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Friday, 15 July 2011

Honda Rejigs Pricing Strategy

Honda, over the past month, has made some surprising moves. The brand, which otherwise commands a premium, sharply re­­­­duced the prices of its bestselling City and the premium hatchback Jazz. On June 14, the carmaker announced ‘new prices’ for the City, slashing the price tag by Rs 44,000 for the top-end version to Rs 66,000 on the ­­­entry level one.
The growing sales of new rivals like the VW Vento and Hyundai’s new Verna have clearly driven this uncharacteristic move on Honda’s part. But the Japanese carmaker says that the price revision is due to the increased localisation level in the City. According to Jnaneswar Sen, senior vice-president – Sales and Marketing, Honda Siel Cars India, “Our R&D function in India started working on localisation and cost down activities for our volume models from 2009. In anticipation of bigger volumes resulting in economies of scale from the second half of the current year, we have achieved considerable cost reduction and are happy to pass on the benefit to the customers with immediate effect." An industry source said that with the development of a local vendor base for the Brio, Honda has managed to increase local content for the City too.
Honda’s decision to revise the City’s prices comes within months of the car losing the top slot in the segment to Volkswagen’s Vento. The German competitor, thanks to the option of a diesel variant, sold 15,098 units as against 14,870 units of the City during the January to May period. The absence of a diesel variant and the reduction in production level due to the earthquake in Japan has also hit Honda hard.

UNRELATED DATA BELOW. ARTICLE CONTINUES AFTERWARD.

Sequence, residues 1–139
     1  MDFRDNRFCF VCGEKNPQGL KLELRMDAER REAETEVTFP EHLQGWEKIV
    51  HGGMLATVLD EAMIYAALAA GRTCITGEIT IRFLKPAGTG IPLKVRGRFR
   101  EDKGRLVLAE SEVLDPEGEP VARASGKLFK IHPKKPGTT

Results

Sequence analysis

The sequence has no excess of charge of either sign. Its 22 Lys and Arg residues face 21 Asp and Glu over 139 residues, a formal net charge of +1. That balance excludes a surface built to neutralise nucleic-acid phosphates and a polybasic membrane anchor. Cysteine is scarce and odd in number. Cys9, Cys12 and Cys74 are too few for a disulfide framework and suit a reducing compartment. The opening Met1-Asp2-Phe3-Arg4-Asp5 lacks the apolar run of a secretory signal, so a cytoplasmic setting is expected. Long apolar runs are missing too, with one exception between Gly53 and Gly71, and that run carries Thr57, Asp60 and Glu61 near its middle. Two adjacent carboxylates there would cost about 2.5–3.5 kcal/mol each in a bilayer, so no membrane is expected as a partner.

The Jazz, which has been a slow starter so far, is also a beneficiary from Honda’s latest retail strategy. Honda sold sold 1,413 units during January to May, as against 1,837 units during the same period last year. The Jazz’s price has been cut by around Rs 150,000 under a ‘limited period’ offer. Unlike the City, this is not a ‘new price’ but a sales scheme. Dealers say the strategy has worked well. “Almost all the cars we had with us have been sold off, thanks to the offer,” says a Mumbai-based dealer.
With these unprecedented price cuts by Honda, could there be an adverse impact in the Japanese major’s brand equity? “Perhaps not,” says a leading brand consultant. “The brand equity remains intact if the price cut is to counter a strong competitor and without any compromise on quality.” Well, with Volkswagen and Hyundai as competitors, Honda’s price-cutting move may not dilute its brand equity. Instead, it has definitely brought in more customers to its showrooms.
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